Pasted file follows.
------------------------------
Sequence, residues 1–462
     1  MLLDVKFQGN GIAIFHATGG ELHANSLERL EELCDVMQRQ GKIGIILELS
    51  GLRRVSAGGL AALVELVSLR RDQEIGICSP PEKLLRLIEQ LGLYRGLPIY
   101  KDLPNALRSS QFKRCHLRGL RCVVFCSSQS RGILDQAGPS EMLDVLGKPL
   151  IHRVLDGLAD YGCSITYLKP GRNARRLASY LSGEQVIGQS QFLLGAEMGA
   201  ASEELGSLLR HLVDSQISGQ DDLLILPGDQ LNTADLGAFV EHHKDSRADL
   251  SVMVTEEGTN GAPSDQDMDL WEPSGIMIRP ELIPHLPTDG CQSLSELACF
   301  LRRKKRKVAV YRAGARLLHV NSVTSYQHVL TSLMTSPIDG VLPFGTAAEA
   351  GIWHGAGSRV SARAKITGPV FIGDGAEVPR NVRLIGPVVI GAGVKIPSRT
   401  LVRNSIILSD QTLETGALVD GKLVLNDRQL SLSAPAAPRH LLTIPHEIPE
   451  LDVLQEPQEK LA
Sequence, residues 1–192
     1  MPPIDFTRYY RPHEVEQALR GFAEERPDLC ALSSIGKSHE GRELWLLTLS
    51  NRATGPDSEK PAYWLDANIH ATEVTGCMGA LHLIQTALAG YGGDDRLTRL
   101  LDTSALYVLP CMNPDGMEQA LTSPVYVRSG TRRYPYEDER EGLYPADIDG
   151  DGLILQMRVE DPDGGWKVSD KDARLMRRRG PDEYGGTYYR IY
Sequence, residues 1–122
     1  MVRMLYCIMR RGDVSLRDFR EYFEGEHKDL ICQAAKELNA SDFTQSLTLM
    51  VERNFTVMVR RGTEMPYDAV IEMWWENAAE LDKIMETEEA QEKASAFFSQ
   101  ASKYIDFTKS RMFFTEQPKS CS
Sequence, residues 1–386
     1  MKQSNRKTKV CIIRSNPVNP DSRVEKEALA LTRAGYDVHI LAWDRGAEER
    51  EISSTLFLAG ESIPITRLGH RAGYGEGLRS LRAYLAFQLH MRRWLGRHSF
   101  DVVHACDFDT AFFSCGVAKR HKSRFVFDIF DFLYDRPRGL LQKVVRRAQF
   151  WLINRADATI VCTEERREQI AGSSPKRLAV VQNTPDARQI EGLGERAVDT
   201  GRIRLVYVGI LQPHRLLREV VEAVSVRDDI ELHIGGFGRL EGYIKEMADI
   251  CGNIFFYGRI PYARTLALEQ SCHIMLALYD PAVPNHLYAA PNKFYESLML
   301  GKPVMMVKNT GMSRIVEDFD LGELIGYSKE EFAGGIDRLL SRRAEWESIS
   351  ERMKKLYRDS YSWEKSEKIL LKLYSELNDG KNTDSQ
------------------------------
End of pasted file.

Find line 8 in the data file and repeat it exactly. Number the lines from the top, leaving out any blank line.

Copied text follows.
   301  LRRKKRKVAV YRAGARLLHV NSVTSYQHVL TSLMTSPIDG VLPFGTAAEA